Scenario 1. The UI is very undersaturated, (4a), as the demand is very low. Recall that represents the capacity of an intersection when using lanes, and accounts for the merging effects. With such low demand, the site remains undersaturated, even if one lane is completely blocked by DDPS. In other words, the other available lanes can serve all the traffic demand, given that the arrival flow is small enough (). As a result, is also zero (i.e., the delivery area can occupy all the way back to the UI, and the UI would still be able to fully discharge the arriving traffic within every cycle).

Scenario 2. The UI is undersaturated in the absence of a delivery area, (4b). However, the intersection would become oversaturated if the right lane was to be completely occupied. In other words, the demand is lower than the capacity of the intersection using all lanes, , but higher than the capacity of the intersection with one lane blocked, . Hence, to ensure that the intersection remains undersaturated, we need to provide some storage space, that is, . The storage space required is equivalent to . The distance, evidently, increases as the traffic demand grows.

Scenario 3. The intersection is oversaturated in any case, with or without the delivery area, (4c). The demand exceeds the capacity of the intersection even with all available lanes, . In others words, all the lanes discharge traffic at the saturation flow rate (S) during the whole green signal. DDPS can only be allowed if the space remaining on the same lane is able to accommodate the vehicles blocked; that is, the vehicles arriving from upstream that cannot be accommodated in the lanes, . To guarantee this, we need a minimum distance with . Notice that this is independent of the value of , as the amount of vehicles entering the intersection is limited by the traffic signal, not by the traffic demand.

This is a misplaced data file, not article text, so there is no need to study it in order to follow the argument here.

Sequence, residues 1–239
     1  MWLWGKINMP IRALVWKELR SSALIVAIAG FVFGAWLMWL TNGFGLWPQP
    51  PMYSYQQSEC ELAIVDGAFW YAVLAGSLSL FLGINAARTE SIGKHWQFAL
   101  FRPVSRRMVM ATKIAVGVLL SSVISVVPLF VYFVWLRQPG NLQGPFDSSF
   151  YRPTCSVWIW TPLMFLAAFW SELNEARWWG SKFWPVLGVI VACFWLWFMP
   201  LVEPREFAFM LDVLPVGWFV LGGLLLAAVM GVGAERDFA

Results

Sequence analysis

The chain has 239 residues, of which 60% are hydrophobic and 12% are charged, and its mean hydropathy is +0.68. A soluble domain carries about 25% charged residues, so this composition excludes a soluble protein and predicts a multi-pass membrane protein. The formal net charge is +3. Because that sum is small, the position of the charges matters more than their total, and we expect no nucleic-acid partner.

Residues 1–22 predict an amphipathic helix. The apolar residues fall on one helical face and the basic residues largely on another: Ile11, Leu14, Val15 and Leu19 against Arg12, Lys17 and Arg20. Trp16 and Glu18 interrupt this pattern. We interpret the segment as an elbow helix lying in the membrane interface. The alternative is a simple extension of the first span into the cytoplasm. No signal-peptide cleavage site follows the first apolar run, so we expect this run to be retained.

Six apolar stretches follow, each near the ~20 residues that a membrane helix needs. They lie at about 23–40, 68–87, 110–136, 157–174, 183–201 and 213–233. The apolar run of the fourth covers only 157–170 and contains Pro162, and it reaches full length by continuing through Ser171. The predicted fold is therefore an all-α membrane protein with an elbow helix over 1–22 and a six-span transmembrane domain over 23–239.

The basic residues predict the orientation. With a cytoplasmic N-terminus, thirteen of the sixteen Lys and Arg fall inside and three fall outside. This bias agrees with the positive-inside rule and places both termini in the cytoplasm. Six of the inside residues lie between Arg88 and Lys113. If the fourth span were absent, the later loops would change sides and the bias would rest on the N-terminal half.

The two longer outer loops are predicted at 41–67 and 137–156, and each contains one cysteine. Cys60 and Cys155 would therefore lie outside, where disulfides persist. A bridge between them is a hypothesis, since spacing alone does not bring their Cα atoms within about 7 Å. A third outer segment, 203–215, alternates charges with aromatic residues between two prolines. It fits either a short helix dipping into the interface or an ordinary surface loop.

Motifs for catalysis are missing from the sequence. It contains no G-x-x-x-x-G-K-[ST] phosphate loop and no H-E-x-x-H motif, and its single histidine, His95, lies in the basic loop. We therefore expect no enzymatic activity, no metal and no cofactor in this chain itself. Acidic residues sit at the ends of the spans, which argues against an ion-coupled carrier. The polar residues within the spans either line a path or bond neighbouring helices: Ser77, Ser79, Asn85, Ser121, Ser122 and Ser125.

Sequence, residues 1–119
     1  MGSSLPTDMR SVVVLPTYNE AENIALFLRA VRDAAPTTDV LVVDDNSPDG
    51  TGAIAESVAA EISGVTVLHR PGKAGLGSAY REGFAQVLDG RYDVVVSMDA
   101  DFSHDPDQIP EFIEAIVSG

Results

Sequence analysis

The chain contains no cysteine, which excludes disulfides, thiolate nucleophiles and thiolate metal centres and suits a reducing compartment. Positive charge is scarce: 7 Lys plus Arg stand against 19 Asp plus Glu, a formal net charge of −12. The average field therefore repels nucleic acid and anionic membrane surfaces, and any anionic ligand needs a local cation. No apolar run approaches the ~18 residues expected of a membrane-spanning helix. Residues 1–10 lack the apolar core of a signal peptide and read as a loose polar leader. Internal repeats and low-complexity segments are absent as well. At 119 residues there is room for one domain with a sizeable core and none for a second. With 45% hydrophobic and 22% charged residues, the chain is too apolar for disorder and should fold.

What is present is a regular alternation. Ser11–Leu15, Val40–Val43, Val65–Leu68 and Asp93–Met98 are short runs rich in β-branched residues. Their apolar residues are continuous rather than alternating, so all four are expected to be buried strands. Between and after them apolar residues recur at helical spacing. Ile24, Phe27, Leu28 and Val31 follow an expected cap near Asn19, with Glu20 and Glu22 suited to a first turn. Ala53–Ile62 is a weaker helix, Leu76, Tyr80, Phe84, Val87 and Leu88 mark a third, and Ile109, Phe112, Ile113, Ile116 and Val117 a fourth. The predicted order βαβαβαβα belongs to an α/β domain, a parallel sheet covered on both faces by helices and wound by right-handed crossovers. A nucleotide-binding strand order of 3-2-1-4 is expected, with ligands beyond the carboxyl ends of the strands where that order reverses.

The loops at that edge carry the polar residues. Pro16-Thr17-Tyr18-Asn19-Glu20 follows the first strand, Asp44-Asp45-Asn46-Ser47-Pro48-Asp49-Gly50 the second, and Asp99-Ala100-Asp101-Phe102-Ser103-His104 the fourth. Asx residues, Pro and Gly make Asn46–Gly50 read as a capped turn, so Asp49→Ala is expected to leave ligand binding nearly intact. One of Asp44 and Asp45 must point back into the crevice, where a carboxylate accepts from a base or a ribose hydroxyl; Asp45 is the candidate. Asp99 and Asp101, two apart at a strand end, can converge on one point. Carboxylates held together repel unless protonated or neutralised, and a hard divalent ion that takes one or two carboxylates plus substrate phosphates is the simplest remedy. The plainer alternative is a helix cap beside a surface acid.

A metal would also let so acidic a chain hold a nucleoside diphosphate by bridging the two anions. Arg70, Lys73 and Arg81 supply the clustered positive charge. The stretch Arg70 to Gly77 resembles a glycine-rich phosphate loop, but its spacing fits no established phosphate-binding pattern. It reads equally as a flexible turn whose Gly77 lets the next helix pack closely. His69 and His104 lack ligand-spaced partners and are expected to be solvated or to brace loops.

With already defined, we can now formulate , (i.e., the minimum length of , distance between the delivery area and the DI, such that the DI does not starve for traffic). One should note that the computation of the distance at the DI is different from the case of the UI, for two reasons. First, the arrival pattern has changed since we need to account for vehicles affected by the delivery operations, which can be stored before or after the dynamic delivery area. Second, the signal control is correlated between these two intersections, that is, green wave. Therefore, the vehicles that successfully departed the UI and are not blocked by the delivery operation can also directly depart the DI. However, the vehicles which are held behind the dynamic delivery area can only arrive at the DI later than they were supposed to (in the worst case, all vehicles will arrive during the following red signal and will be forced to discharge during the next cycle). In any case, even when some vehicles are forced to wait for the next cycle, the right value for can limit the disruptions to traffic so that the service rate is not reduced. We will find that satisfies this condition.

The queuing diagram of Figure 4 depicts the virtual departure at the DI and the real departure at the DI due to the delivery blockage. The virtual departure refers to the potential departure at the DI in the absence of DDPS (i.e., the same as the departure from the UI assuming no platoon dispersion and perfect coordination). Due to the traffic signal coordination (i.e., green wave), during the first cycle of blockage, the discharging rate at the DI is , since the blockage makes the full shoulder lane useless, and the rest of the lanes will be affected by the merging maneuvers. Some of the vehicles from the first cycle cannot cross the DI in time and are stored in front of the red signal, using all lanes available downstream of the parking area. During the second cycle of the blockage, at the beginning, the DI can discharge at the saturation flow, , given that vehicles stored in the area discharge using all available lanes. This lasts for a period equivalent to the , as the is the number of vehicles that will be stored within the link. Afterwards, the discharging rate drops again to the saturation flow of lanes, that is, , until either the queue clears up or the green signal ends.

Note that, for the departure curve, we assume that once the green signal is activated, vehicles start discharging at the maximum flow. It is true that the effects of perception-reaction time and acceleration time will make the time discharging at the maximum flow slightly longer. However, this will happen at both intersections (UI and DI) when traffic flows are critical (Scenarios 2 and 3 of Figure 3). With the presence of DDPS, there will be vehicles waiting in front of the traffic light, not only for the UI, but also for the DI.